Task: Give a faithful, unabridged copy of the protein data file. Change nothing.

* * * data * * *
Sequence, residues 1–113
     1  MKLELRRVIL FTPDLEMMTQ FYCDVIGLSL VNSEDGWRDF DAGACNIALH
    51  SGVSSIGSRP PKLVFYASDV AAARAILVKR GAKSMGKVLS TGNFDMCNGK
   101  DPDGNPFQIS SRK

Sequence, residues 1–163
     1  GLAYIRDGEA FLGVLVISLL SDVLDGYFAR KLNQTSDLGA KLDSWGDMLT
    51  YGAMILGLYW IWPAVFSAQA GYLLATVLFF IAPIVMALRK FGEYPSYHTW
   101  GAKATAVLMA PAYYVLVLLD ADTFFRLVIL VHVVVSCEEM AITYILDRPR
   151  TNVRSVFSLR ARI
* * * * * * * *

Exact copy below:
Sequence, residues 1–113
     1  MKLELRRVIL FTPDLEMMTQ FYCDVIGLSL VNSEDGWRDF DAGACNIALH
    51  SGVSSIGSRP PKLVFYASDV AAARAILVKR GAKSMGKVLS TGNFDMCNGK
   101  DPDGNPFQIS SRK

Sequence, residues 1–163
     1  GLAYIRDGEA FLGVLVISLL SDVLDGYFAR KLNQTSDLGA KLDSWGDMLT
    51  YGAMILGLYW IWPAVFSAQA GYLLATVLFF IAPIVMALRK FGEYPSYHTW
   101  GAKATAVLMA PAYYVLVLLD ADTFFRLVIL VHVVVSCEEM AITYILDRPR
   151  TNVRSVFSLR ARI